Should You Perform the Triple Option in Youth Football?

Triple option and youth soccer training

How beautiful is it to see a team with three well-executed options? If you’re like me, it’s like moving poetry. I’m a big fan of the Navy and Georgia Tech, just because of the way they run triple so well. As a Nebraska native and fan, I was raised in optional football and played it in high school. Of course, when I got my first job as a youth soccer coach in 1986 or so, I went back to what I loved and knew about, optional football.

What many people do not realize is youth football and the College game is a very different animal. Although both are played on the same field and use a similarly shaped ball, there are many differences that significantly affect the ability of the College game to be replicated on the youth field. We won’t even take advantage of the NCAA rules offering optional teams versus NFHS rules that 48 of the 50 states use as a basis for their youth soccer rules and include Pop Warner and AYF.

Most people do not even realize that many of the options they are watching on the college field are NOT triple option football, despite what the so-called television “analysts” tell you. Did you know that option guru Tom Osborne’s Nebraska Cornhuskers never praised the triple option? Read Tom Osborne’s book, all they did was a double option called, not a true triple. The reason Osborne didn’t train triple is that he said he didn’t have enough training time. You see, this was with a group of 18- to 22-year-olds who practiced 6 days a week, played a game on the seventh, and practiced spring as well. On the other hand, most youth teams practice 3 times a week, about half the time college kids do. After adding spring practices, film and classroom sessions, the young player practices about 20% of what a college player practices.

Note that many of the options you see on Saturday television are not triple options either; they may look like triple options, but when was the last time you saw a pitch in an internal vein? Much of what we see on Friday nights and Saturdays are dual options, like what Nebraska did on option days and 3 national titles over a 4-year period.

There are other things to consider, in college football, offensive players play only on the offensive side of the ball. These quarterback options for Navy and Georgia Tech aren’t starting at Linebacker or Corner, as they are for their youth football teams. These great Quarterbacks and Running Backs are not returning kicks or kicking PAT “S like the kids on your team.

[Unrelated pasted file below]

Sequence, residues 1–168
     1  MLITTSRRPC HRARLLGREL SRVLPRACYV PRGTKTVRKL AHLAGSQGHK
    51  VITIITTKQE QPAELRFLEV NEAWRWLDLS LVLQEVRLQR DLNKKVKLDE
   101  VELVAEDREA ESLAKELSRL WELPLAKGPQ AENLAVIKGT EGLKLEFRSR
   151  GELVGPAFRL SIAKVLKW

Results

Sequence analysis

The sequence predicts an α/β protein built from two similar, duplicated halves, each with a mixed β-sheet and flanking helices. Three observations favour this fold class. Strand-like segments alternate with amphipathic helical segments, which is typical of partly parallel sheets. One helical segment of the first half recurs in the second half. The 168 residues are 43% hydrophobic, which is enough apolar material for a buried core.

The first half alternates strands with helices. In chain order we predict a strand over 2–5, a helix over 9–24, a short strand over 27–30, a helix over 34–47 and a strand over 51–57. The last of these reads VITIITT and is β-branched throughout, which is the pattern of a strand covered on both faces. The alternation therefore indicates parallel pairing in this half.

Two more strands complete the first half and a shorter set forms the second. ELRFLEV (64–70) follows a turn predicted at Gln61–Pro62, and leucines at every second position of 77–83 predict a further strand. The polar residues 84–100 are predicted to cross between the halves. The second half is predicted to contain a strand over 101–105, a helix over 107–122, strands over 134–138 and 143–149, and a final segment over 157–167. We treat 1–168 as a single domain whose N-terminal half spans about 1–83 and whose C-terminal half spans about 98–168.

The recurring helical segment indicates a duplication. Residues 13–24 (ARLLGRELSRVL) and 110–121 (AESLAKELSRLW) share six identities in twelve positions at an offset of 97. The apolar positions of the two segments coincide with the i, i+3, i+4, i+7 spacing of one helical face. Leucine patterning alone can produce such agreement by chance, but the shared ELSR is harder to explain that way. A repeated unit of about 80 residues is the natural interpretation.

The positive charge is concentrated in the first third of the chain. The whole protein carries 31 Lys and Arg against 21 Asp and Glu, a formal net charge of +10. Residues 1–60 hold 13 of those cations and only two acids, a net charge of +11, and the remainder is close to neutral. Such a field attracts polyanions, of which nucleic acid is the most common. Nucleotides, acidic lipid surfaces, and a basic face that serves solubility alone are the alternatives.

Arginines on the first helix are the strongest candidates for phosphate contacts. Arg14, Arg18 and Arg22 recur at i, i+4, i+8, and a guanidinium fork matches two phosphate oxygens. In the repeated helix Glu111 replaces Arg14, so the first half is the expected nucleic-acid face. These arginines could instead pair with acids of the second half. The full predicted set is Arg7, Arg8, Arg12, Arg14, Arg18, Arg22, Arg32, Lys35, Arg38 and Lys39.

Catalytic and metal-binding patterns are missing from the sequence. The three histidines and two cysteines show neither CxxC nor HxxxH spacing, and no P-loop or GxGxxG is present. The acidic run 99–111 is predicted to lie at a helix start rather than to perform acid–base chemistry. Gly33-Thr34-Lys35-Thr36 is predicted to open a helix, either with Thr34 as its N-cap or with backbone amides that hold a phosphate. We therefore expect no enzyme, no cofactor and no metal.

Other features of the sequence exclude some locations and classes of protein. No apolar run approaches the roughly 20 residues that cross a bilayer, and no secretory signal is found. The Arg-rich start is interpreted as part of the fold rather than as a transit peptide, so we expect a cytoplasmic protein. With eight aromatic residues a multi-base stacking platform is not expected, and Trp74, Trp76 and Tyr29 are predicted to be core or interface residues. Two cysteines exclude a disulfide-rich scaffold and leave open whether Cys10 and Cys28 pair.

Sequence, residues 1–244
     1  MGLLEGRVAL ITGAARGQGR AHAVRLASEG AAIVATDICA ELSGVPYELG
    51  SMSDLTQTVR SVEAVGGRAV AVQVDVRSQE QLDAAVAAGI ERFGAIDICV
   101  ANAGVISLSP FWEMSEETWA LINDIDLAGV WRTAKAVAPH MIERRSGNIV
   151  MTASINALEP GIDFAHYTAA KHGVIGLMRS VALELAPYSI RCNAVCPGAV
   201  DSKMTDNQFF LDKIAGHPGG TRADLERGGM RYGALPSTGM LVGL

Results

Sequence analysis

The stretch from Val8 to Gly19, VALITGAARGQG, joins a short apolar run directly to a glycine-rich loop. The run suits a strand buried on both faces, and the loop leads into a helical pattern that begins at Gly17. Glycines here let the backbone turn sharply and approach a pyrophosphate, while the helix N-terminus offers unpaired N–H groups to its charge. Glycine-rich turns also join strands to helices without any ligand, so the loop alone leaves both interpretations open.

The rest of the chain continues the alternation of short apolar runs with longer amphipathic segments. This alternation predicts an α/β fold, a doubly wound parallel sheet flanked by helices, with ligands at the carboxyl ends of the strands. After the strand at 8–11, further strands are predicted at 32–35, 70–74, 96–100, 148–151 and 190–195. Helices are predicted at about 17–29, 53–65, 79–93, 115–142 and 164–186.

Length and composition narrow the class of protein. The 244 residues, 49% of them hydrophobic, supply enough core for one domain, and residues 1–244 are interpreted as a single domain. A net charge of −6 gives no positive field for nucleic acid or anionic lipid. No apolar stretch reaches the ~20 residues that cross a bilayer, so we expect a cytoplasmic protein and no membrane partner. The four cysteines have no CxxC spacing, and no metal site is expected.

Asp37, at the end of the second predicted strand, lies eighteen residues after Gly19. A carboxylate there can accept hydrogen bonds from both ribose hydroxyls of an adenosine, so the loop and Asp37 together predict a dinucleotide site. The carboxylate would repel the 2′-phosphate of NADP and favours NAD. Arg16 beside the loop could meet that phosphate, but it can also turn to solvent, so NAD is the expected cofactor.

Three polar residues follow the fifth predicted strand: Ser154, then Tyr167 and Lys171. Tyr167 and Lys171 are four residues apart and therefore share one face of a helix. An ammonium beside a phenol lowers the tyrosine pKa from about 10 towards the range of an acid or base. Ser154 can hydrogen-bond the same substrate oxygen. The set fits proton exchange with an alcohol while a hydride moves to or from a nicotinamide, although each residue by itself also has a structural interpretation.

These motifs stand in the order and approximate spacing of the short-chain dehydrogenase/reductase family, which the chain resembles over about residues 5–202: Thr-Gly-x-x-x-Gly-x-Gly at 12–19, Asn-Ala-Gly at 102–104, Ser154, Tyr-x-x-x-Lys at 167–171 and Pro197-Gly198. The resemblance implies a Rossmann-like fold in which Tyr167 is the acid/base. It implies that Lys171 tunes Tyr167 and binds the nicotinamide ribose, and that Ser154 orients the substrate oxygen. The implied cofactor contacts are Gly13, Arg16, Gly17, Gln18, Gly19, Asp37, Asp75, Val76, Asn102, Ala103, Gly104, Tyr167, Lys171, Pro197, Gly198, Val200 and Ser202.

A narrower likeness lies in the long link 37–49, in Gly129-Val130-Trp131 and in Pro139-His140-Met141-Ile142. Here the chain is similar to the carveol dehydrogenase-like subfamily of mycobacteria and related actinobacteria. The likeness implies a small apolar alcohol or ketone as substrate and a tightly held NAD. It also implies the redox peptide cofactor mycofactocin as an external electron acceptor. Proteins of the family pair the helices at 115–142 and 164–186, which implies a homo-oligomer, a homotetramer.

There are simply no more two-way players and very few players start their special teams. In youth play, all of your players will have positions in attack, defense and, in most cases, special teams as well. In college football, offensive players, especially skill players, are practicing on the offensive side of the ball 90 percent more of the time. At the youth level, these skilled players are their best players, playing both ways and on special teams, they can never leave the field. These kids are practicing offenses, defense and special teams, obviously much less specialization than college players. When you take this into account in your effective practice time equation, the qualified young player is receiving 7 to 10% of offensive preparation as a College player. We achieve this by taking the 20% rate and multiplying twice the offensive practice time that could be obtained in a typical youth practice of 35-50%.

At the college level, all players have experience in the game, most of them with reasonably good fundamentals. While the fundamentals are fundamental at every level of football, most college kids have a basic level of competence and have overcome fear of contact. In youth football, this is certainly not the case. At the college level, there are no minimum standards of play, goals or requirements at the youth level for most existing programs. At the youth level, we are spending too much time teaching the basics and how to play the game, not to mention how to make children comfortable with their equipment and the fear of contact. At the youth level, we have to invest time that the college coach never has to worry about.

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